Okay, it looks like the identity of the cherry-ish plant from the northwestern US in my last post is going to remain a mystery, but maybe this plant from the desert Southwest will fare better? This leguminous shrub (Fabaceae) was growing in a wash somewhere near Tucson, Arizona, and naturally it had no flowers or pods, so all we have to go on are its twigs and leaves.
Like the plant in my previous post, this one had “underside tentiform” mines, which are characteristic of certain moths in the family Gracillariidae. This shrub’s leaflets were small enough (13 mm or so) that the mines entirely consumed them. There are two in the photo below:
Because the leaflets were so small, and because I was pretty sure this wasn’t one of the known host plants for any gracillariid, Julia and I filled a couple of vials with a good number of them. A little over a week later, the adult moths began to emerge from their pupae, which were thrust through the leaf’s lower epidermis at one end of the mine:
The moths sported endearing pom-poms on their foreheads:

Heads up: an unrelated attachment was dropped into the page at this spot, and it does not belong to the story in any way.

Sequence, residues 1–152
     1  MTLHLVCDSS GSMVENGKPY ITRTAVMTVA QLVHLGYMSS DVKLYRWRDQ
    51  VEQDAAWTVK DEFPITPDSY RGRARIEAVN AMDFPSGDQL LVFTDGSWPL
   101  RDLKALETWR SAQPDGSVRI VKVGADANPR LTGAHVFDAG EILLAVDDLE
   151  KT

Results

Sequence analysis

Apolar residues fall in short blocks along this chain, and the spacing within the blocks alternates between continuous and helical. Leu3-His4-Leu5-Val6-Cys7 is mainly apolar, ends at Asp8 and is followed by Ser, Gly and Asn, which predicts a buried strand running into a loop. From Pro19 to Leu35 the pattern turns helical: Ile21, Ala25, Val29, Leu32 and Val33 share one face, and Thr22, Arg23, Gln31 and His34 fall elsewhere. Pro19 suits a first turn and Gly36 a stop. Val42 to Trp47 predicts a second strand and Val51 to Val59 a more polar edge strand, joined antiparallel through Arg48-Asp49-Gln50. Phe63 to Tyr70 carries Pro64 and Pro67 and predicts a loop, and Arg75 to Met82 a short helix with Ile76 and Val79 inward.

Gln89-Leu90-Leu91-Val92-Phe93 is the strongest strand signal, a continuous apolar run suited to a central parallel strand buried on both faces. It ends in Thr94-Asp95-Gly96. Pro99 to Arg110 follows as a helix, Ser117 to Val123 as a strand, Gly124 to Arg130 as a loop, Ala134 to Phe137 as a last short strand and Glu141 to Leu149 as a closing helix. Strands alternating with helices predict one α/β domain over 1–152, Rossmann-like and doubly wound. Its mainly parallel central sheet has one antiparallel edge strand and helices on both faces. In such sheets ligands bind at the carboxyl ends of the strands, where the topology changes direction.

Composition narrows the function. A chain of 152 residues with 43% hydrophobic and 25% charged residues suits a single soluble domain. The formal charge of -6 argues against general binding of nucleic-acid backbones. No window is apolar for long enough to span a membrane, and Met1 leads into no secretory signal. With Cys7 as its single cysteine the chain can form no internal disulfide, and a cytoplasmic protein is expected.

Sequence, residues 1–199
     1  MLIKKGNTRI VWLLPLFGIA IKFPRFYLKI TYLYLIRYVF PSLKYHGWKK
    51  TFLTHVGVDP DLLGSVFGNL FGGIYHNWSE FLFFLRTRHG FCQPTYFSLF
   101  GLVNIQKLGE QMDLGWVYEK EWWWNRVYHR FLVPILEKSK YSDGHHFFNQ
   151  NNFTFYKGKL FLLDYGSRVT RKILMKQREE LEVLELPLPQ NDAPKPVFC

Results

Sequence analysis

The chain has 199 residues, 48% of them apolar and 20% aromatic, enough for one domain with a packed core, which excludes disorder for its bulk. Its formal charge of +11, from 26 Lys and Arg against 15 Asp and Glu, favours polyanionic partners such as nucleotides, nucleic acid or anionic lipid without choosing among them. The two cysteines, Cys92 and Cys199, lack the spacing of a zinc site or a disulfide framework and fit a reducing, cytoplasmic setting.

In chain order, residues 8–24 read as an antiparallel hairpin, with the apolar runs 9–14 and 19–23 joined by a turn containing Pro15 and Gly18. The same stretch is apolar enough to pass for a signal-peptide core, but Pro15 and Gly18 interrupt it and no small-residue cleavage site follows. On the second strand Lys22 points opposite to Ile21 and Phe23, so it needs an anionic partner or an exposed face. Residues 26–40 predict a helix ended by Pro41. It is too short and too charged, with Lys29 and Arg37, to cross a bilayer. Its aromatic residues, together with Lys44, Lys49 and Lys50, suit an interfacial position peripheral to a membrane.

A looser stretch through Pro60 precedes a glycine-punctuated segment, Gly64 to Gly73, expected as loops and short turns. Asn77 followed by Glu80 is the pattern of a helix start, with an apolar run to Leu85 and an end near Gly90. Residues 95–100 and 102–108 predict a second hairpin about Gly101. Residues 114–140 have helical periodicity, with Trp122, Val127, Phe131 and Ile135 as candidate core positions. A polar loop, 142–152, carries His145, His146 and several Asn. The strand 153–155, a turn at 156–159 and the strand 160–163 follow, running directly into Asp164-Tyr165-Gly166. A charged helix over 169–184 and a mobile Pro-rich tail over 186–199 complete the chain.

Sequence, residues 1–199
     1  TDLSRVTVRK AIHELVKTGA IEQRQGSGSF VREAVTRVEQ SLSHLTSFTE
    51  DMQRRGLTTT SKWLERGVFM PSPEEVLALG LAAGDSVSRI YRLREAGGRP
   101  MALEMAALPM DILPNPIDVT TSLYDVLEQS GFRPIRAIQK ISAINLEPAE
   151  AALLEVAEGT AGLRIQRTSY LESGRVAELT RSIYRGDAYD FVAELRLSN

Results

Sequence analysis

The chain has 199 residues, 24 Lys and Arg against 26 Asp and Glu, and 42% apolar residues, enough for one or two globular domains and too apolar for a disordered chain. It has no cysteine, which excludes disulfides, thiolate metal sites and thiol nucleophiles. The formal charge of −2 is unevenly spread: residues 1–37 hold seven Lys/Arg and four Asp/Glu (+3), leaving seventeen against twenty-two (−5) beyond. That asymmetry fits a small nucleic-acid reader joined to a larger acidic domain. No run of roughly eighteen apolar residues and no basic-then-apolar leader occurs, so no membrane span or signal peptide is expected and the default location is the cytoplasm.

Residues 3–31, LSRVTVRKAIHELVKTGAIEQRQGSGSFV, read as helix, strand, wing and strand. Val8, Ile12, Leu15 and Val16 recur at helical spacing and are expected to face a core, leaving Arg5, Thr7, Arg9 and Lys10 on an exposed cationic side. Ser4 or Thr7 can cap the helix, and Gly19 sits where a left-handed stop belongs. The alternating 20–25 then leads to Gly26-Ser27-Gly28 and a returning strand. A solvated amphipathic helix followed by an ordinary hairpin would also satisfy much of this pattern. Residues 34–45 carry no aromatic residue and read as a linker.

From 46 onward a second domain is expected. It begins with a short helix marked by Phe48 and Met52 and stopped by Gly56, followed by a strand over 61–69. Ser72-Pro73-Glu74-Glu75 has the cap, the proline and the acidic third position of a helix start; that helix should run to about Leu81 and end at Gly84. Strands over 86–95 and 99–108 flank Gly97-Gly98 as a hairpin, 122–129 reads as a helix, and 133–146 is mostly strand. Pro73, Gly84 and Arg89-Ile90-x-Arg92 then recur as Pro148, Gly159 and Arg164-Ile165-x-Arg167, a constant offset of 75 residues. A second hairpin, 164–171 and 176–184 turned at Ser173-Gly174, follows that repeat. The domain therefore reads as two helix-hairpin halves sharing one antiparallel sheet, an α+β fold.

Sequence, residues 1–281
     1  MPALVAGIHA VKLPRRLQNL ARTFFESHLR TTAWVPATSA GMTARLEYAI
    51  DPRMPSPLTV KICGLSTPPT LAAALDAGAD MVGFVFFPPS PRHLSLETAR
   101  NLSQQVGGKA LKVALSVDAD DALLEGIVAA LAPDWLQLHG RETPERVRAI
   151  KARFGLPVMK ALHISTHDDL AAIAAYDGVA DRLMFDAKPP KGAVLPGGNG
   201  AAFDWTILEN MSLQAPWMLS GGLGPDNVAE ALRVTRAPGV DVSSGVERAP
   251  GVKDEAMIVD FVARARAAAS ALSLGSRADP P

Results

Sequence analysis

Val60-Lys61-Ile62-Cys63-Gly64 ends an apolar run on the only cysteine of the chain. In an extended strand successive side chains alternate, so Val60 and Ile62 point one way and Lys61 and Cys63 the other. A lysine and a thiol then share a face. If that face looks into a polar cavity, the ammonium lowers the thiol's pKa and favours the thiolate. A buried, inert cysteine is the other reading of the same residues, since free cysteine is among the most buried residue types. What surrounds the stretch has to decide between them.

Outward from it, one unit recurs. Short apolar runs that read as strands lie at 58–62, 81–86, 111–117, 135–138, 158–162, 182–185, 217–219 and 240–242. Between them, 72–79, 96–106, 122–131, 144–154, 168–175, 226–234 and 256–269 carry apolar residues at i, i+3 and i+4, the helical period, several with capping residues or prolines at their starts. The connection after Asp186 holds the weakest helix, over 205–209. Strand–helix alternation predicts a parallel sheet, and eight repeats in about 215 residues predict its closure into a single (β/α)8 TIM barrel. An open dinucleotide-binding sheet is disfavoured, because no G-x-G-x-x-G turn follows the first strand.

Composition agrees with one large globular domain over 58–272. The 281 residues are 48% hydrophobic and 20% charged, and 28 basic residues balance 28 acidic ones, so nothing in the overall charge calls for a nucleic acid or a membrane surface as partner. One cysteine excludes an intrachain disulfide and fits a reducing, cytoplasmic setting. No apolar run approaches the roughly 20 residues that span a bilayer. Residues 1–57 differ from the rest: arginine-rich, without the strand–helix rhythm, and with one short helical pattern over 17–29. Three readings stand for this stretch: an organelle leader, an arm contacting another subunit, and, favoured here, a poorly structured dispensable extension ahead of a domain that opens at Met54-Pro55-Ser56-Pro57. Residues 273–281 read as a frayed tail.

Three years ago, all of the North American Phyllonorycter species that mine in leaves of woody legumes were moved the the genus Macrosaccus. The only species known to occur in Arizona is M. neomexicanus, which mines leaves of New Mexico locust (Robinia neomexicana), which I’m pretty sure this plant was not. Also, I just checked the illustrations in Davis & De Prins (2011)*, and to me this doesn’t look much like any Macrosaccus. I think it has to be either that or a Phyllonorycter, and this could be settled by examining the genitalia or wing venation, but such things are beyond me. Before I ask a specialist to take a look at the specimens, I’d like to know what the host plant is.
I have about 20 of these moths, and amazingly just one parasitoid emerged (it wouldn’t be unusual to have that ratio reversed). I sent that wasp to Christer Hansson last year, and he identified it as Chrysocharis walleyi (Eulophidae). Interestingly, I reared C. walleyi from three other moth species last year, each belonging to a different genus that produces underside tentiform mines (Phyllonorycter, Cremastobombycia, and Porphyrosela).
* Davis, Donald R. and Jurate De Prins. 2011. Systematics and biology of the new genus Macrosaccus with descriptions of two new species (Lepidoptera, Gracillariidae). ZooKeys 98:29-82.
Added 1/29/2014: The plant has been identified as Coursetia glandulosa (rosary babybonnets). This is not a known host for any leafminer; apparently the only moth in the world recorded as feeding on this plant is the giant silk moth Rothschildia cinctus (Saturniidae).